Heads Up: Edinburgh International Festival

Beyond the Fringe - omens are good for the ‘original’ festival

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The Independent Culture

What are we talking about? 

The yearly Edinburgh Festival showcasing opera, music, dance, theatre, visual arts, talks and workshops. Not the Fringe Festival.

Elevator pitch

Culture with a twist: Shakespeare with live Chinese heavy metal, a Don Quixote featuring urban dance and slapstick, and the Ensemble musikFabrik, from Cologne, celebrate Frank Zappa as a modernist composer.

Prime movers

A relative newcomer when he was appointed in 2006, Sydney-born opera composer Jonathan Mills is the festival’s current artistic director. Earlier this month he was awarded a CBE.

The stars

Renaissance innovators, the usual suspects of 20th century avant-garde, and left-field modern-day artists. In one venue, Leonardo da Vinci’s anatomical studies will be displayed on 60-inch screens and in 3D. In another, Kafka’s Metamorphosis will be re-imagined by Wu Hsing-kuo with the techniques and colours of traditional Peking Opera. Elsewhere, Philip Glass and Patti Smith pay tribute to Beat generation poet Allen Ginsberg and some of Samuel Beckett’s more experimental plays will be performed by actors such as Michael Gambon and Peter Egan.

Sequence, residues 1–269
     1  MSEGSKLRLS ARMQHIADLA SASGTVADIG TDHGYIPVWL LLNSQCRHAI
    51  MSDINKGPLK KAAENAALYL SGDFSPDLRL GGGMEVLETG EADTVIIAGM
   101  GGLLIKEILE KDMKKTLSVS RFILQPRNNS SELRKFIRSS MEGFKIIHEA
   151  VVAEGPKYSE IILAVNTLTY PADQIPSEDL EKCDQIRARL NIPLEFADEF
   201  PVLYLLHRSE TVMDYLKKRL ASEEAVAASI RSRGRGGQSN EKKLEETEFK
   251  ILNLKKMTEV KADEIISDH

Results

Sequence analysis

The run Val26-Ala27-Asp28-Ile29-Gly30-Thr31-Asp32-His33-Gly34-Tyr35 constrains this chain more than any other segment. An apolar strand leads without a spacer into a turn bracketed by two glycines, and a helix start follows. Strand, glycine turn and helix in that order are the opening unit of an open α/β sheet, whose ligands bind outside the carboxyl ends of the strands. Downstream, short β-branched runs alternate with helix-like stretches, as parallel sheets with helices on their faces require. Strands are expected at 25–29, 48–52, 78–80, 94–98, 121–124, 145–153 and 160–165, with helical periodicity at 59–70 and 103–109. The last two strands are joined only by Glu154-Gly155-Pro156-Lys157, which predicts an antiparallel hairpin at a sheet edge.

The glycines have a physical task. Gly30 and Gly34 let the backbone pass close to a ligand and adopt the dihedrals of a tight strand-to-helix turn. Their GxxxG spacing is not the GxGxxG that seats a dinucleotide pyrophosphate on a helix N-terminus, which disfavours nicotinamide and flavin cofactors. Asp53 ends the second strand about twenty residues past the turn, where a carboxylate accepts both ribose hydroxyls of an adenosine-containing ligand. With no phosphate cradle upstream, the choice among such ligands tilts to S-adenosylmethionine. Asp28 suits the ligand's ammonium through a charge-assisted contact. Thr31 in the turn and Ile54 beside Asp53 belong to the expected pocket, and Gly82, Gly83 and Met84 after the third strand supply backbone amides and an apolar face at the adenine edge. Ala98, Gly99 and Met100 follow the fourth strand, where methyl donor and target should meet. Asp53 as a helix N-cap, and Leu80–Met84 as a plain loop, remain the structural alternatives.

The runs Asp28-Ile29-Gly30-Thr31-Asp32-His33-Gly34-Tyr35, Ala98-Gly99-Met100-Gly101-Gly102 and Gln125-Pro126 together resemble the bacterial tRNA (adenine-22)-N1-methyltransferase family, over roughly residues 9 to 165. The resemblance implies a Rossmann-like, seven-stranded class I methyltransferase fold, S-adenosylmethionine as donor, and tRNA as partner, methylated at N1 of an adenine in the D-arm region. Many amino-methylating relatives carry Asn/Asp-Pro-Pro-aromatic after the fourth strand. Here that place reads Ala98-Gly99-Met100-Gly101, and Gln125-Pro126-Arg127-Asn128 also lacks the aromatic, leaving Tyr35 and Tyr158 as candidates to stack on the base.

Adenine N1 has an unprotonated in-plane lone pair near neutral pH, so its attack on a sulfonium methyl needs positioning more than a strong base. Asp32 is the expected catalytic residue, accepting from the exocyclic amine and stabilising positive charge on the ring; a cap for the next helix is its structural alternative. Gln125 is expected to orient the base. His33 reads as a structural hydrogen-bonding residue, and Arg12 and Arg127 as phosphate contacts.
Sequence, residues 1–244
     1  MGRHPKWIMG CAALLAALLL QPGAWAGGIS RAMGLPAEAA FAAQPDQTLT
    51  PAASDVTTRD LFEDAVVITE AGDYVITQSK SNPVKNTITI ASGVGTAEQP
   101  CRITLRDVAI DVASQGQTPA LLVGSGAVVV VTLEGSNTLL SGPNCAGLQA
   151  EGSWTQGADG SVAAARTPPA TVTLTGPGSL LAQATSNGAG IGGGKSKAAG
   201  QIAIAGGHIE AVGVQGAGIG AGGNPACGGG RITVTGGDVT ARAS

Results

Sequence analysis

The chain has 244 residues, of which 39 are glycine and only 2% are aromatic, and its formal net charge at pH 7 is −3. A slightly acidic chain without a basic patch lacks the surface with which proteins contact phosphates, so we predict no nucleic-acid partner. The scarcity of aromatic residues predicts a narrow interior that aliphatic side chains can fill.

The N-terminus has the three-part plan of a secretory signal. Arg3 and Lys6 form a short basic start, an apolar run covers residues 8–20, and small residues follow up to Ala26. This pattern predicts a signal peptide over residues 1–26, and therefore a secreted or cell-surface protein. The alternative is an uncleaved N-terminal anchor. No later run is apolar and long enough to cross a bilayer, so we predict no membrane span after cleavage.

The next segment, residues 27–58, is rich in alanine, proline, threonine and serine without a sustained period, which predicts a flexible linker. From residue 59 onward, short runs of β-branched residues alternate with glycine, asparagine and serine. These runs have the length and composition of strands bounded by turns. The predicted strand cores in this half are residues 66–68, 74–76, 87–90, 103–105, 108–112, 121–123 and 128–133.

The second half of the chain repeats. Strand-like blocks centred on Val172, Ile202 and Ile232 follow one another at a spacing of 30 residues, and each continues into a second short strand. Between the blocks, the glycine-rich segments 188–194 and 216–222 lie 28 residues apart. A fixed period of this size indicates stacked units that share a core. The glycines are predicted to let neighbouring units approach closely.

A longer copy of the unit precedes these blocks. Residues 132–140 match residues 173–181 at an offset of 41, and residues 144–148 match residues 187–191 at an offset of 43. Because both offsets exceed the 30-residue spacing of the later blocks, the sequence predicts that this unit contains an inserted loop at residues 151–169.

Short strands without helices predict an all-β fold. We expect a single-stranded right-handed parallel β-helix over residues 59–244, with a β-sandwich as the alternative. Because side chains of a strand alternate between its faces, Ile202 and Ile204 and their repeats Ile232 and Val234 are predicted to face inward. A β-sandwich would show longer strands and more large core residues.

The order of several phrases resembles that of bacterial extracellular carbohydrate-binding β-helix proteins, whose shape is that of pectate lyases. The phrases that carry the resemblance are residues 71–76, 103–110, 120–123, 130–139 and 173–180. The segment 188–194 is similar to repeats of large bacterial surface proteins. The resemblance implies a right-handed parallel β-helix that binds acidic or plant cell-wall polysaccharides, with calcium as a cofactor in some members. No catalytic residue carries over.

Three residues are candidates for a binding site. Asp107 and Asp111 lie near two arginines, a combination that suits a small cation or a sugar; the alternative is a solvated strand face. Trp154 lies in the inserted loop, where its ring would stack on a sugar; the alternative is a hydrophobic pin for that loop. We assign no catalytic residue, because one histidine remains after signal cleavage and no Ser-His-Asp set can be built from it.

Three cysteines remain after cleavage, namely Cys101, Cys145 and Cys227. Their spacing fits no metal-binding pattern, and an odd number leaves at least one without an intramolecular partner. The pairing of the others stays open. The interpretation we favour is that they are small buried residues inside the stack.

The early buzz

The Scotsman recently called the EIF “Scotland’s most prominent festival of high culture”. Earlier this month, festival opera singers popped up in unexpected places around the city to sing guerrilla opera. The Daily Record praised this as a winning method of “bringing opera to the people” and building up hype for the festival.

Insider knowledge

The EIF was founded in 1947 to “provide a platform for the flowering of the human spirit” and, more specifically, re-energise Scotland’s cultural scene after the Second World War.

It’s great that …

Cultural behemoths from across the ages are being presented alongside more, erm,  outré artists – with a tribute to  “Titties & Beer” man and “modernist,  sophisticated Avant-Garde composer Frank Zappa”.

It’s a shame that …

While the line-up is certainly and gratifyingly international, it’s a bit low on home-grown, Scottish fare this year.

Hit potential

The 2012 festival’s strong performance bodes well – it took a record £2.83m, an increase of  9 per cent on 2011’s box office.

The details

The Festival is held at various venues in Edinburgh between 9 August and 1 September (for tickets and further info, see eif.co.uk).